Though the new TV ratings offer some help for parents, many find them confusing. And if you miss the opening credits, you often are unaware of the rating unless you look up the program in a television listing. Here are some other resources available to parents who attempt to more closely monitor and guide their children's television viewing.
Program guides and ratings books. A wide variety of these guides are available. To find the one right for you, look up a movie or television show you think is inappropriate for your kids and see if the author agrees.
The October 1997 issue of Family Life magazine: "What is TV doing to your kids and what can you do about it?" is a terrific resource for parents. It offers ratings and age guidelines for more than 100 shows and also gives guidelines for starting a family video library for kids of all ages. For just $2.95, you'll find yourself referring to it often.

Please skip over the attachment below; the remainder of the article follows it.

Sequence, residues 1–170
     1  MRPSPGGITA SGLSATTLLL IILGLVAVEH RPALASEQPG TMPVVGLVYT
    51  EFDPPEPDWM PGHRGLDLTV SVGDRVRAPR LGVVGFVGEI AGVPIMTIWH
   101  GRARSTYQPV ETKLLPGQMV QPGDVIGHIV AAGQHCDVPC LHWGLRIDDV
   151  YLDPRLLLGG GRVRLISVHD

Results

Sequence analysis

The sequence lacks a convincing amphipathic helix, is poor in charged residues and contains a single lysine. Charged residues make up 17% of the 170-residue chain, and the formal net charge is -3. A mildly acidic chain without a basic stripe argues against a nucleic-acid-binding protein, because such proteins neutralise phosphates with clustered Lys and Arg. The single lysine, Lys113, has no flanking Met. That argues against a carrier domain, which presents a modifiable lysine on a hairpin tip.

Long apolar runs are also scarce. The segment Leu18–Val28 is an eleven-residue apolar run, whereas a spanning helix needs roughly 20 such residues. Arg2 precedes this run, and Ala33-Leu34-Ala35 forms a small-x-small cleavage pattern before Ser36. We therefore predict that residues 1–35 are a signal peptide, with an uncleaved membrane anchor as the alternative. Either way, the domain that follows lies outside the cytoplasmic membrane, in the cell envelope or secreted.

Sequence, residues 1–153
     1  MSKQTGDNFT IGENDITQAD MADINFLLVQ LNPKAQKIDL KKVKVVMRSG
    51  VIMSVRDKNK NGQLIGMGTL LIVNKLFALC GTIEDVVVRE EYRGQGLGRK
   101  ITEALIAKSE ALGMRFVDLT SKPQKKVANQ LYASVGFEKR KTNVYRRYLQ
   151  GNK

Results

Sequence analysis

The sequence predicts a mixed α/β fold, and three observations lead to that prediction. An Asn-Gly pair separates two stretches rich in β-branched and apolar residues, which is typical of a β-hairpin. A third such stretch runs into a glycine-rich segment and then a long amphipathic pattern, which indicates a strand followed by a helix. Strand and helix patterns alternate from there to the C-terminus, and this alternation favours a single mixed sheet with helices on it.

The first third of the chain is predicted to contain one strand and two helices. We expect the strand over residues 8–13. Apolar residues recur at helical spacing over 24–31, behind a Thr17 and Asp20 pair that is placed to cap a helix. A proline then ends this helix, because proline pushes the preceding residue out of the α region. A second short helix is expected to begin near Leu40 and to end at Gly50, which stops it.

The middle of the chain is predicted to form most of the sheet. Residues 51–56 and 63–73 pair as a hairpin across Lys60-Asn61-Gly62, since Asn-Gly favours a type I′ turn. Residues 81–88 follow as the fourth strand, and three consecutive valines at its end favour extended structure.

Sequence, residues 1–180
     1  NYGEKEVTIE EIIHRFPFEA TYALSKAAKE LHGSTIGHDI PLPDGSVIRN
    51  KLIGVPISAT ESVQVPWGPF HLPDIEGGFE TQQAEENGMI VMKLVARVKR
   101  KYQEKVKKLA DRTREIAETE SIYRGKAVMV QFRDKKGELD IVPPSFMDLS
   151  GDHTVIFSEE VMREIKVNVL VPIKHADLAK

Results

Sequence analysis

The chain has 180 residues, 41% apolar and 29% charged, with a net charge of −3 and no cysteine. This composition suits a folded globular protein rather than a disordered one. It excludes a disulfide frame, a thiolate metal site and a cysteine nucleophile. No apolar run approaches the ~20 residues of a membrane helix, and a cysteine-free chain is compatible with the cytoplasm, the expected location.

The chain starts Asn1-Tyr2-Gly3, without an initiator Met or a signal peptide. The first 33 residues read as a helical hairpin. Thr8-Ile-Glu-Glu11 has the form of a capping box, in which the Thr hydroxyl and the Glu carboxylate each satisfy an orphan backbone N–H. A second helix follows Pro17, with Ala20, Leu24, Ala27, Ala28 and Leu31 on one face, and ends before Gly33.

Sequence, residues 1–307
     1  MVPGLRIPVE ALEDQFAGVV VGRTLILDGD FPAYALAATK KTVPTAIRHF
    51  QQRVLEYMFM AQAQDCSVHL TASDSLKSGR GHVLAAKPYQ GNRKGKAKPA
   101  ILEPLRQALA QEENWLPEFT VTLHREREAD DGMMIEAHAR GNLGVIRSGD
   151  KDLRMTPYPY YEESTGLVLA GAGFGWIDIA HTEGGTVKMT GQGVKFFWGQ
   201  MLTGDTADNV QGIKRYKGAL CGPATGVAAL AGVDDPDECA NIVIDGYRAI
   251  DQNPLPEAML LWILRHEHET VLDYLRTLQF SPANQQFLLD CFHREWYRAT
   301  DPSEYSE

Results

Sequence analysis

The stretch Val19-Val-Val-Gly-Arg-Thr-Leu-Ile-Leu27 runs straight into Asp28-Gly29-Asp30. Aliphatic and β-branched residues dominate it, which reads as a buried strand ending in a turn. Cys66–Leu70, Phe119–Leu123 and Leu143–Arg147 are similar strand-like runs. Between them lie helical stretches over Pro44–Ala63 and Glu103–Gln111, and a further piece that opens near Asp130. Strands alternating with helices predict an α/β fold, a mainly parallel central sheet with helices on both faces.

A new quarterly magazine on the newsstands. Smart TV has monitoring tips, but also recommends electronic controls such as time limiting devices like "TV Allowance" and filtering devices like "TV LockOut" and provides ordering information.
The American Academy of Pediatrics has an informative free brochure available at many doctors' offices in its Guidelines for Parents series titled "Television and the Family."
And if you are concerned about the effects violent programs can have on your kids, check out "Viewing Violence" by Madeline LeVine. It's a disturbing but important work.
-- Kathleen Rizzo Young